The road in front of Solstice Morningside was heavily lined with orange cones demarcating a new traffic pattern. Cheshire Bridge Road is usually a four-lane road but has been temporarily narrowed to two lanes to make room for construction equipment.
Across the street at Hookah Hookup, a smoke shop that sells hookahs and other paraphernalia, an employee working the counter said there had been a dip in customer traffic. Rather than the damaged bridge, he attributed the slowdown to confusion caused by building contractors at the site. There were several cars parked in front of the store, but the parking lot was bordered by orange cones and large pieces of construction equipment.
Both Solstice Morningside and Hookah Hookup are beyond the “Road Closed” sign that sits in front of 2Qute Hair Salon.
On the other side of Peachtree Creek, Taqueria del Sol was forced to close down for the day Aug. 5 as Atlanta fire crews battled the natural gas-fueled blaze for nearly 24 hours. Despite the fact that Taqueria del Sol is one of the closest businesses to the fire-damaged bridge, its location on the northeastern side of Peachtree Creek seems to have dampened the effects of the bridge closure.
“It’s better than I thought it’d be,” restaurant owner Mike Klank told the AJC. Klank said that he had recently seen some customers who are regulars at the taqueria’s Cheshire Bridge Road location at the Westside location instead.
Otherwise, “it’s been OK,” Klank said. “Signage in this direction hasn’t been too bad.”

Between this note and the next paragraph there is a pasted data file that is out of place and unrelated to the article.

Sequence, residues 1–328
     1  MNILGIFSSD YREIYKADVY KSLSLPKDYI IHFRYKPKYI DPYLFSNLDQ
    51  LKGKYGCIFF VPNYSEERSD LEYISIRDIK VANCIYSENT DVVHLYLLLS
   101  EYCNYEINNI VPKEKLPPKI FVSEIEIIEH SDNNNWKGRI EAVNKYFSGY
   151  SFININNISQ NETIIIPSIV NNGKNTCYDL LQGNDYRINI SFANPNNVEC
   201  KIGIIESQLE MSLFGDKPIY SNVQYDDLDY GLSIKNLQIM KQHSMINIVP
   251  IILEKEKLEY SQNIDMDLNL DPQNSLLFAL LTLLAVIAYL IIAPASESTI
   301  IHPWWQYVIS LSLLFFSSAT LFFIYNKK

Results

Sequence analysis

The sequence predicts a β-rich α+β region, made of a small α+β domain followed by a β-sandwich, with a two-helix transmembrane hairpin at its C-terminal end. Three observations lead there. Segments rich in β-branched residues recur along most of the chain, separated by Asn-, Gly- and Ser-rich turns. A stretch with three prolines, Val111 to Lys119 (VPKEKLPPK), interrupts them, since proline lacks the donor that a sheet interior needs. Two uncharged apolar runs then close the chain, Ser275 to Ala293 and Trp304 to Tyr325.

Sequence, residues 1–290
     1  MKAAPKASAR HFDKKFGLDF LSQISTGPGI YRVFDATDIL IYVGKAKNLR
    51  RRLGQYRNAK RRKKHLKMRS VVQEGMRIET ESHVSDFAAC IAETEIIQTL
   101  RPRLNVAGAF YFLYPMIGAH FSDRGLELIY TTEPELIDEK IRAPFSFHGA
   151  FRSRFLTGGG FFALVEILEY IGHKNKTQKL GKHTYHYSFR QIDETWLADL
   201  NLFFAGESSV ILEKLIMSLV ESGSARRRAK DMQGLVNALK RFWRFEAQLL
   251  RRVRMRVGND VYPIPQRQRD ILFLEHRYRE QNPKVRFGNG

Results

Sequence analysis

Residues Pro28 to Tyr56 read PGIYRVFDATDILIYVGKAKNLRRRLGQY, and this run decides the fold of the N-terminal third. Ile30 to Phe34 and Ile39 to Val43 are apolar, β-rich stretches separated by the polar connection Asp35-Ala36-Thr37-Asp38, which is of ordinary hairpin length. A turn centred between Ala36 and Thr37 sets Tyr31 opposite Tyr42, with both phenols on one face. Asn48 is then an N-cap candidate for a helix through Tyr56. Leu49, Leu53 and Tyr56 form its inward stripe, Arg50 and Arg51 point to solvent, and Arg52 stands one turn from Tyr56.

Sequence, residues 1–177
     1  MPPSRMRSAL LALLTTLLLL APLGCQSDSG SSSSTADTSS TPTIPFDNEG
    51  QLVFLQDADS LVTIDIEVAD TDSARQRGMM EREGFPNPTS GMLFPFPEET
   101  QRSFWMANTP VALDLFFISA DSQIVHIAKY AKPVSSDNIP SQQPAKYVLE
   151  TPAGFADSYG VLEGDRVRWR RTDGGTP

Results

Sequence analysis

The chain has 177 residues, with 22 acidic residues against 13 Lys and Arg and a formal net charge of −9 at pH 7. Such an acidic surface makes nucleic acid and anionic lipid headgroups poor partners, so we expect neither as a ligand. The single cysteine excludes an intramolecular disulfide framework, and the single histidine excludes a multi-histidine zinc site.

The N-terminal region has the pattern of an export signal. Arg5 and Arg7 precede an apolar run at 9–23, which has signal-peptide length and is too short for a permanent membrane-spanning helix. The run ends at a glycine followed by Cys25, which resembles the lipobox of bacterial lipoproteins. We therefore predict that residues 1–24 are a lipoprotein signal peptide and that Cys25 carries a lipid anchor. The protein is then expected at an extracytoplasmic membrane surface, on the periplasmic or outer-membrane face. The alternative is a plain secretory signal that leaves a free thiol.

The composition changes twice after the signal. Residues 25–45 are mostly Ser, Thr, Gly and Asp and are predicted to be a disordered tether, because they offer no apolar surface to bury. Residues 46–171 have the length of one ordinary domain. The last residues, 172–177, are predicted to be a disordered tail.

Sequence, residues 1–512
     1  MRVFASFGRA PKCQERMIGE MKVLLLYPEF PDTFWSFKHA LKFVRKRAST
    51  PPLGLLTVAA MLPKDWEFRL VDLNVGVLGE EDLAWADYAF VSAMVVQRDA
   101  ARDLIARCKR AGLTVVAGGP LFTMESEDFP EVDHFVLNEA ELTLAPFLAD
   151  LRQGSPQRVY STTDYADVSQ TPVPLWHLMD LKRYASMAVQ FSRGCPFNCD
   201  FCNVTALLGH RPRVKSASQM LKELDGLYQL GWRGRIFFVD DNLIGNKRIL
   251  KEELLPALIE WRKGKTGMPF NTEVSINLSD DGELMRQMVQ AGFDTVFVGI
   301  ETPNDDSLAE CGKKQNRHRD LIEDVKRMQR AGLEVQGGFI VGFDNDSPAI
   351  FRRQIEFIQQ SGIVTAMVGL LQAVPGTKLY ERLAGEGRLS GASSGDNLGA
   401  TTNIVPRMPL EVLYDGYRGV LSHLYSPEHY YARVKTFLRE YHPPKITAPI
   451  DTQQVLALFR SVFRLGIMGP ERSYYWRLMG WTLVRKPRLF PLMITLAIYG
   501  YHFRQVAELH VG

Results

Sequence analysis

Across the creek, Samroni said the opposite of his salons. Reduced traffic on Cheshire Bridge Road means fewer walk-ins, he said, while increased traffic on Piedmont Road has caused multiple clients to show up late for appointments or miss them.
Another problem is the temporary signage on I-85, which feeds traffic into the area through exits onto Piedmont Road and Lenox Road. Signs on the interstate indicate that Cheshire Bridge Road is closed, which Samroni believes is misleading drivers who may not understand that his salons are still accessible.
When asked about the timeline of the bridge project, one of Samroni’s customers, who declined to give his name, scoffed and said, “It’s ridiculous!”
Klank took a more fatalistic view.
“It’s one of those things where you just can’t do anything about it,” Klank said. He believes customers will adapt and continue to support the Tex-Mex restaurant’s Cheshire Bridge location.
As he spoke with the AJC on the phone from his car, he stopped mid-sentence with a chuckle.
“Well, I said customers would adapt but I was just driving to the restaurant my usual way and hit the ‘Road Closed’ sign,” he said. “It’s going to take some getting used to.”